An interview with Lee Woong Hyeon, Ph.D., President of Geopolitics Institute of Korea about the state of affairs in the region surrounding the Korean Peninsula, China, and Vietnam.
As an expert on the international relations, can you give us your general assessment on the current security situation in the South China Sea (Vietnam’s East Sea) and the Chinese intentions when it sent the survey ship Haiyang Dizhi 8 to the waters near Vanguard Bank?
As I know, Chinese geological survey vessel’s activities in this area are not new. The Chinese survey ship Haiyang Dizhi 8 entered Vietnam’s Exclusive Economic Zone (EEZ) in the South China Sea on 3 July. The first encroachment of China’s oil rig occurred five years ago. At that time, the first intrusion of China’s oil rig triggered fierce anti-China protests among Vietnamese both domestically and overseas. This time, the entering of Haiyang Dizhi 8 not only agitated the Vietnamese government and people but went further to make the United States criticize Beijing for “bullying behavior” in the area. It meant that July’s action stemmed from the desire for demonstrating China’s presence in this area and reflected the recent US-China relation including economic conflicts.
As a result of the trade war with the US, China’s economy is reported to continue to stall. The Chinese government may want to incite nationalism to distract the public’s attention from some difficult diplomatic situations like US-China confrontation and the popular uprising initially sparked by a controversial extradition law in Hong Kong. Of course, China’s political and military intention in this area should not be excluded. China has been maintaining its upper hand over its neighbors and getting more and more assertive with about 25-30 military outposts from the Paracel islands to the Spratlys. China’s intention is said to originate from its “national interests, virtual or real”.Territorial (including maritime), military, economic, diplomatic gains, and desire for being recognized(in the Hegelian term) which are pursued by all the states in general, especially by the rising powers.
In your opinions, what are legal frameworks necessary for ensuring the security and freedom of aviation and navigation in the sea?
I think, for the peace and prosperity of people, we should not resort on only naked power or military force. We should not give up the efforts of citing, utilizing and adopting the international norms for the peaceful solving of the problems among state. There is a legal framework for security and peace in this sea beside the general and traditional principle of free navigation.
The Vanguard Bank, the westernmost reef of the Spratly islands, hosts Vietnam’s strategic DK1 rigs which sit well within the 200 nautical miles of Vietnam’s EEZ. EEZ, set by the United Nations Convention on the Law of the Sea (UNCLOS), is the foremost legal frame of reference with which Hanoi can strengthen its own position. Although the Chinese government has contested the UNCLOS rule, especially interpreted by Vietnam and other claimants, Beijing’s method of justification for its action, nine-dash line, cannot be said as an international legal frame consented by other states.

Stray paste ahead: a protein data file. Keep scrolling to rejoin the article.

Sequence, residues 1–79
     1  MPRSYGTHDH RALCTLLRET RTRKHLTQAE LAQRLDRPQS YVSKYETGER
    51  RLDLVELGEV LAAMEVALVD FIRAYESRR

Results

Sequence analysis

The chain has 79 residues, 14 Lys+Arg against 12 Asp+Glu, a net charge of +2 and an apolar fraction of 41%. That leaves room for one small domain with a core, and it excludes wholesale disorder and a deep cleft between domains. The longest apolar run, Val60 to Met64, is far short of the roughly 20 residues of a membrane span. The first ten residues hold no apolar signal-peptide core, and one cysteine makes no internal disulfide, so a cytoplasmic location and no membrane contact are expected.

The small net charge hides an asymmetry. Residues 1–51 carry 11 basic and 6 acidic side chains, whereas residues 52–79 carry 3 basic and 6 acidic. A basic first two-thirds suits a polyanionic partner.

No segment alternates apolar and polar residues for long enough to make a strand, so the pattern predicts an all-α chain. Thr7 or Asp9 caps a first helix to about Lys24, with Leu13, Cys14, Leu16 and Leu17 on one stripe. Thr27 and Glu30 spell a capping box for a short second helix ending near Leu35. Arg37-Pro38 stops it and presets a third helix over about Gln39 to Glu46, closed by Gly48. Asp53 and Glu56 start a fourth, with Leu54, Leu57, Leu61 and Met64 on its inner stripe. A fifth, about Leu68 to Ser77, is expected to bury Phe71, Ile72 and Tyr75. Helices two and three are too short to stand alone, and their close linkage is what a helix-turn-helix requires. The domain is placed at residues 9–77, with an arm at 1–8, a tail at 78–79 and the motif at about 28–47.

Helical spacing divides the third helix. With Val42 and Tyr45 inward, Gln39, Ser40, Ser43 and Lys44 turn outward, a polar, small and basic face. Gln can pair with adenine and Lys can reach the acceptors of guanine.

The Permanent Court of Arbitration dismissed the nine-dash line claim as groundless in 2016, which has not been respected by the Chinese government. But PCA, like other international courts, has not any real power of enforcement of its own decision. This is the limitation of international norms and legal judgments, sometimes we look forward to. But legal frame would be a weak state’s good weapon for criticizing the illegal action of the stronger’s and forgetting world opinion’s support.
Can you predict developments relating to the security situation in the area in the coming time?
Considering the salami-slicing tactics of China’s in this area and Hanoi’s cool(this means ‘reasonable’) and wise policy-reaction even under the pressure of Vietnam people’s anger and protests, we can forecast that outright and armed conflicts will not happen. But every statesman should be careful not to escalate an incident into a serious confrontation or conflict especially in a crisis, which is stirring public protests like this. Crisis-management is statesman’s vital virtue.
When a claimant intrudes into the area which it claims as ‘its area’ or as having interest in it, its action is apt to make itself a recurrent pattern, though not going up to the extreme line. That is the salami-slicing or gray-zone tactic. Of course, those activities threats the security situation in the area, provoking the concerns of peoples around. This kind of tactics will be witnessed for the foreseeable future in this area.
In your opinion, what the Vietnam authorities should do to protect its legitimate sovereignty and interests in the Vanguard Bank in particular and in the South China Sea in general?
Vietnam, sharing a dozen hundred-kilometer border with China and having experienced war with China in 1979, is highly evaluated as a state with a tolerance of strategic risk, including during the confrontation with China in 2014. At the end of a very dangerous and collision-possible period of two-month stand-off, China eventually pulled and backed down its oil rig in that year. This is the diplomatically and strategically wise course to be taken in the coming time.
In the international crisis threatening the state’s security and sovereignty, the most important stance a state should take is to maintain the strategic, theoretical and policy consistency, which could get the international support together and could get the normatively stronger position. And it is necessary that academicians study and research the related maritime history of this area, preparing for the possible debate on who the historically and internationally legitimate and sovereign of this area should be. Sometimes the pen is mightier than the sword.